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New Zealand will see red if they repeat old tactics, says Sexton


Aiming high: New Zealand's Malakai Fekitoa tackles Simon
Zebo in the clash against Ireland in 2016
Aiming high: New Zealand's Malakai Fekitoa tackles Simon Zebo in the clash against Ireland in 2016
Sam Cane

By Nick Purewal

Johnny Sexton has warned New Zealand that any repeat of their strong-arm tactics from Dublin in 2016 will lead to red cards in today's World Cup quarter-final.

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British and Irish Lions fly-half Sexton believes Sam Cane and Malakai Fekitoa avoiding straight dismissals in New Zealand's 21-9 win in Dublin three years ago sparked the sport's crackdown on high tackles.

Flanker Cane was only penalised for knocking out Robbie Henshaw with a head-high shot at a ruck, while centre Fekitoa was merely sin-binned for a crude tackle on Simon Zebo.

New Zealand had reacted with unbridled fury to their 40-29 loss to Ireland in Chicago from a week earlier to reassert their authority in a pulsating encounter.

Ireland claimed their maiden win over New Zealand in Dublin in November, seeing off the All Blacks 16-9 - but while Sexton expects another response, the 34-year-old insists there will be no repeat of that renegade physicality from Dublin 2016.

"I'm sure that's what they'll be speaking about, to go into it at full-tilt," said Sexton. "As far as that second game in 2016 went, that was almost the turning point for a lot of the rule changes about high tackles.

"Some of the yellow cards that were given out and some things that were missed, they would be reds now. They probably weren't intentional at the time, but if they happened now there would be different consequences. So I don't think it will happen again.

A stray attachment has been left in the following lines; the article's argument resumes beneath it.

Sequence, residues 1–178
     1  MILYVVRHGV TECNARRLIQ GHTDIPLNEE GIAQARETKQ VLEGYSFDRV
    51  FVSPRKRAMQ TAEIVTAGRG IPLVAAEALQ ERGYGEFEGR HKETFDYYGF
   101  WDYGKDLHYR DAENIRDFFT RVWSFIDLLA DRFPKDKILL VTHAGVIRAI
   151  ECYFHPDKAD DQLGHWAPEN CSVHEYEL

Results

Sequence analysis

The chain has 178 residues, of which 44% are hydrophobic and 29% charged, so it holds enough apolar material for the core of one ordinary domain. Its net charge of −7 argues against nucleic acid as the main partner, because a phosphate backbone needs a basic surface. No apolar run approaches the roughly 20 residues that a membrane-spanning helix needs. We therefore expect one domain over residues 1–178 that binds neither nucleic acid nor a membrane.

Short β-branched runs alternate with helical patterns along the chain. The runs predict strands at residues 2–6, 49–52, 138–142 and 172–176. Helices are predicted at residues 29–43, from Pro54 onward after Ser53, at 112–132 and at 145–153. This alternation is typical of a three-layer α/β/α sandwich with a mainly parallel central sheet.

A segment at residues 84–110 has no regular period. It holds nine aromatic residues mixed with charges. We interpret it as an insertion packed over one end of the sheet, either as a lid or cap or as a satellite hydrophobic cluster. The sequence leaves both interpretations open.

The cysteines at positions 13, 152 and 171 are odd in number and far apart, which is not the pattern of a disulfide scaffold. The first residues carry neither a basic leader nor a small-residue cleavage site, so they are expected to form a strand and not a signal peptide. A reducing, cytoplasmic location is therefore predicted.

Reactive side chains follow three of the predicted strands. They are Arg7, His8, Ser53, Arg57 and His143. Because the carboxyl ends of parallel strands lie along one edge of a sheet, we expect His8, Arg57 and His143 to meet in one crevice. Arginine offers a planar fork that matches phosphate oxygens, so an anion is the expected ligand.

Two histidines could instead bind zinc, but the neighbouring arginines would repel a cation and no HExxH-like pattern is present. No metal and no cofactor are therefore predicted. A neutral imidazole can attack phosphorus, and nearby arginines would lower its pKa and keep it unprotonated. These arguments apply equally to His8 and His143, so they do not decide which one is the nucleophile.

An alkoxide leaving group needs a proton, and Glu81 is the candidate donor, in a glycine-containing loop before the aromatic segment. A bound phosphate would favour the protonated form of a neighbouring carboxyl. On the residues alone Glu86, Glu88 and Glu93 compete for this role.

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"They had a game recently when they went down to 14 against Australia, so I'm sure they will be very disciplined."

Sexton was Ireland's only player to train at the Tokyo Stadium yesterday, with the rest of Joe Schmidt's squad completing their session at their base.

The accomplished playmaker admitted he was keen not to break from routine, having always kicked at a stadium the day before a Test match.

Sexton took the hour-long bus journey from the hotel then, but was glad of the chance to get his bearings at the ground alongside skills coach Richie Murphy.

"I just didn't want to break routine before a big game," said Sexton. "I've never not kicked at a stadium the day before a game, so I wasn't going to start something new now."

Sexton and scrum-half Conor Murray will set a new Ireland record 56th joint Test start as a half-back pairing, moving past the previous high held by Peter Stringer and Ronan O'Gara.

Sexton admitted he expects people to start talking about the end of his partnership with 30-year-old Murray straight after the World Cup - but vowed both men still have a big Test future.

"At the end of the World Cup people will probably start calling for our heads. But we hope that we've got a good few more years left in us yet," he said.

Belfast Telegraph


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